Cooking something? You can adjust your settings profile with a single tap. Increase your notification and call volume with a single tap. You can even set a predetermined timer or access a recipe with a single tap!

Enable tethering on the go
Set an NFC tag to automatically enable and disable tethering when you’re on the go. One tap and you’re up and running!

Automatic checkins on Facebook and Foursquare
Automatically check into Facebook and Foursquare with an NFC tag. This is fantastic for businesses handing out promotional material and even with regular consumers looking to automate their check ins!

Remotely turning on your computer
This is a pretty cool idea that we’ve come to adopt ourselves. While it involves a little bit of tinkering, it’s a time saver and just down right awesome. Place an NFC tag near the entrance of your house and have your computer boot up with just a simple tap. You can find the full instructions on how to do this here.
Give your guests access to your WiFi without revealing your password

Grant your friends access to your WiFi network with a simple tap. There’s no need to go through the process of setting up the network connection and entering your password into the settings tab on your phone.

Organise your garage, basement or storage room
Hunting for a specific item in a garage filled to the roof with boxes can be a daunting task. NFC tags can make this process a little simpler. Make a list of all the items present in a particular box, store this list in an NFC tag and stick the tag to the box. Next time you go to the garage to find a specific item, tap on the tag and you will have a list of all the contents of the box, without even opening it!

NFC in stores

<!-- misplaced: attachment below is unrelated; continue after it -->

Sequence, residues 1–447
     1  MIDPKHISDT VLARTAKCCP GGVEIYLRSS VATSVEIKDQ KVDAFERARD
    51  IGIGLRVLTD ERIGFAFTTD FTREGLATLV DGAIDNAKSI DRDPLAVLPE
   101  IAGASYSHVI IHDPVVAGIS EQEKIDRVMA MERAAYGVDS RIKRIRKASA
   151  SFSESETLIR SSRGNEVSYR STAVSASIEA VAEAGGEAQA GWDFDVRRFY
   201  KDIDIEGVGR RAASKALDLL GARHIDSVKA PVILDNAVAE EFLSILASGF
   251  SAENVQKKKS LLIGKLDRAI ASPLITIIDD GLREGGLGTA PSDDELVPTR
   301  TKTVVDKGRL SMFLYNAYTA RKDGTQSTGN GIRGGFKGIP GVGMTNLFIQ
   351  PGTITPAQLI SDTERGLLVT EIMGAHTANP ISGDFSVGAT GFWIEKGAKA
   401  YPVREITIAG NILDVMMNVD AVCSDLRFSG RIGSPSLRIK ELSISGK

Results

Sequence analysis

NFC tags are being used more and more in retail environments. Got a product that you’re selling? Use an NFC tag to allow the customer to view more information with a simple tap or direct them to your website

Send people to predetermined links
Got a website you’re looking to promote? Write your website URL onto an NFC tag and hand it out to prospective visitors. A pretty cool and memorable way to spread the word about your website which will almost certainly result in the prospective visitor holding onto the NFC tag!

Automate timesheets
Freelancers and businesses will love this one. Many freelancers already know that using the TimeSheet app is a great way to organise and keep track of their time.The use of NFC tags takes the experience to a whole new level. TimeSheet users can assign NFC tags for each of their projects and arrange them at their workplace as per their convenience. So if you are a TimeSheet user, the next time you want to start the clock on some project, just place your phone on the corresponding NFC tag and start logging your work!

What are NFC Tags?

NFC tags are awesome. Without getting too geeky, NFC tags basically interact with your NFC-enabled smartphone and tell it to do things. All you need to do is tap your device against the NFC tag and voila!